- (Revelation 14:8-10) – “If anyone renders homage to the beast and his image… he also shall drink of the wine of the wrath of God, which is prepared unmixed in the cup of his anger; and he shall be tormented with fire and brimstone before holy angels and before the Lamb.”
That vintage is produced as the angel casts the “fruit of the vine” into the “winepress of the wrath of God.” Those who gave allegiance to the “beast” now drink the “wine” of His wrath.
“And the winepress was trodden… And there came forth blood out of the winepress.” The clause employs language from two passages from Isaiah, plus one from the Book of Joel. Language from the first passage was found previously in the description of the “sixth seal,” the day of the “wrath of the Lamb.” Language from the second passage is found in the vision of the “Rider on a White Horse,” who waged “war” against the “beast” and destroyed him and his allies – (Revelation 6:12-17, 19:11-21):
- (Isaiah 34:4-9) – “For Yahweh has indignation against all the nations, and wrath against all their host: he has utterly destroyed them, he has delivered them to the slaughter. Their slain also shall be cast out, and the stench of their dead bodies shall come up; and the mountains shall be melted with their blood… For Yahweh has a day of vengeance, a year of recompense for the cause of Zion. And the streams of Edom shall be turned into pitch, and the dust thereof into brimstone, and the land thereof shall become burning pitch. IT SHALL NOT BE QUENCHED NIGHT NOR DAY; THE SMOKE THEREOF SHALL GO UP FOREVER.”
- (Isaiah 63:1-4) – “Who is this that comes from Edom, with dyed garments from Bozrah? This that is glorious in his apparel, marching in the greatness of his strength? I that speak in righteousness, mighty to save. Why are you red in your apparel, and your garments like him that TREADS IN THE WINEPRESS? I HAVE TRODDEN THE WINEPRESS alone; and of the peoples there was no man with me: yea, I trod them in mine anger, and trampled them in my wrath; and their lifeblood is sprinkled upon my garments, and I have stained all my raiment. For the day of vengeance was in my heart, and the year of my redeemed is come.”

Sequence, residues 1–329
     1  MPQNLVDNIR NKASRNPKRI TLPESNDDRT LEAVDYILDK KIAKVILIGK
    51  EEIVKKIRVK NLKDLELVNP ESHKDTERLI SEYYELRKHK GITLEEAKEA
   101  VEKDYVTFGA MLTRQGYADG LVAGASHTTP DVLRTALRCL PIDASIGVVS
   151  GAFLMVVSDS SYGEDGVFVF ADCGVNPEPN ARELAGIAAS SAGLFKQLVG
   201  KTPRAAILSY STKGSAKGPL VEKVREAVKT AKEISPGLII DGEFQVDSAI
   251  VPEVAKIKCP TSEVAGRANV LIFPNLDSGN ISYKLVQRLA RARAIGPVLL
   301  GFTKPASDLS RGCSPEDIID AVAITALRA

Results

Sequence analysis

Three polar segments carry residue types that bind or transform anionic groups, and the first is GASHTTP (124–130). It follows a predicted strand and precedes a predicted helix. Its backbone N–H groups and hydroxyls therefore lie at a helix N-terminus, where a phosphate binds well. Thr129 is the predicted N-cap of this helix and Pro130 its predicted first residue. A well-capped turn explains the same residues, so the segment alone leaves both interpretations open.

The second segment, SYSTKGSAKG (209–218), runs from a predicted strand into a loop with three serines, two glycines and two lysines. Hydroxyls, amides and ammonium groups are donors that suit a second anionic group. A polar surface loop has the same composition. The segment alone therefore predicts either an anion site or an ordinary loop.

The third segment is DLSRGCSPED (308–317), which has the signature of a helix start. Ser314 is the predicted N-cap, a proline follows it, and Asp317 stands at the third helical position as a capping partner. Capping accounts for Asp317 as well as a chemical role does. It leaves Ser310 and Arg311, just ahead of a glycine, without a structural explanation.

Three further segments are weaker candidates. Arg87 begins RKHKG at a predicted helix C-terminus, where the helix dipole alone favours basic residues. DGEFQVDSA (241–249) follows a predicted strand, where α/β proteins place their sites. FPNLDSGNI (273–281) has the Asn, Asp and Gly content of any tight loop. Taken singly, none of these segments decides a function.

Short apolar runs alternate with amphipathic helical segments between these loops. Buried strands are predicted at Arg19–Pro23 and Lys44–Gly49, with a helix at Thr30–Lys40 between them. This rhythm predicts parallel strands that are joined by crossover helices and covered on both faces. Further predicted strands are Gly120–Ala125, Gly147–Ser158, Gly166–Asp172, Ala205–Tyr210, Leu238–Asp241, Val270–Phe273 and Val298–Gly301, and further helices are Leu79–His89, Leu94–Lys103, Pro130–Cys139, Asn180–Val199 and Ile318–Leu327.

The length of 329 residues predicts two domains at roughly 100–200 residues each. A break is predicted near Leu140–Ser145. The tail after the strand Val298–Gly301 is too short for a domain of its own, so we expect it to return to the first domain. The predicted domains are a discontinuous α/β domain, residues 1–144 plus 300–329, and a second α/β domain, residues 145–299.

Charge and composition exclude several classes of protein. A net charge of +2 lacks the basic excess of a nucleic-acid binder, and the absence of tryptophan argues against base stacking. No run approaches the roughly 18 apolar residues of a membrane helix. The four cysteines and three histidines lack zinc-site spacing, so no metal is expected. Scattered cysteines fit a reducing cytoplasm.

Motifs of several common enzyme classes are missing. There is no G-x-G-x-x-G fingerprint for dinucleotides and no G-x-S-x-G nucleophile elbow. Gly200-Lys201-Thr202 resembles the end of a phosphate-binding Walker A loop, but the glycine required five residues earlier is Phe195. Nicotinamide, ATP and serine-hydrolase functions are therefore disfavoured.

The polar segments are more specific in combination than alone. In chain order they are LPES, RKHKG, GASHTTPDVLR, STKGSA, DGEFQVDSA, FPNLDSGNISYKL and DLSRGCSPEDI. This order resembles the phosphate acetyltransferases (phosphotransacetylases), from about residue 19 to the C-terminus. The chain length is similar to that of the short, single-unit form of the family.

- (Joel 3:12-13) – “Let the nations bestir themselves and come up to the valley of Jehoshaphat; for there will I sit to judge all the nations round about. PUT IN THE SICKLE; FOR THE HARVEST IS RIPE: come, TREAD YE; FOR THE WINEPRESS IS FULL, the vats overflow; for their wickedness is great.”
Originally, both passages from Isaiah pictured the judgment of Yahweh on Edom, a traditional enemy of Israel. But now, the “wrath of God” falls on all the “inhabitants of the earth,” those who took the “mark of the beast.” The verbal parallels mean that, in Revelation, the several passages which refer to the execution of God’s “wrath” all point to the same final event.
“There came forth blood…even to the bridles of the horses, at a distance of a thousand six hundred furlongs.” The image is not easily explained. “Furlong” or stadion occurs also in the book’s final vision when describing the dimensions of “New Jerusalem”:
- (Revelation 21:16) – “And the city lies foursquare, and the length is as large as the breadth: and he measured the city with the reed, twelve thousand furlongs. The length and the breadth and the height of it are equal.”
The “blood” produced from the “winepress” of God’s wrath flowed “to the bits of the horses, a thousand six hundred furlongs.” The sum of sixteen hundred is the square of 40 – (40 x 40 = 1600). In contrast, the dimensions of “New Jerusalem” are four square, with each side measuring 12,000 furlongs. Effectively, the city of “New Jerusalem” is coterminous with the “new heavens and new earth.”
The distance and volume covered by the blood “outside the city” are significantly less than the physical size and volume of “New Jerusalem.” Possibly, the purpose is to stress the limitations of the “wrath of God.” That is, the “harvest” of the “grapes of wrath” is not necessarily larger than the grain harvest “reaped” by the “one like a son of man” and gathered into the “sanctuary of God”; that is, the city of “New Jerusalem” – (Revelation 21:22, “And I saw no sanctuary in it, for the Lord God the Almighty, and the Lamb, are the sanctuary in it”).
The outline of the two contrasting “final harvests” has been given. The book will now provide a detailed picture of the final “wrath of God” that is about to be poured out on the “inhabitants of the earth” in the “seven bowls of wrath.”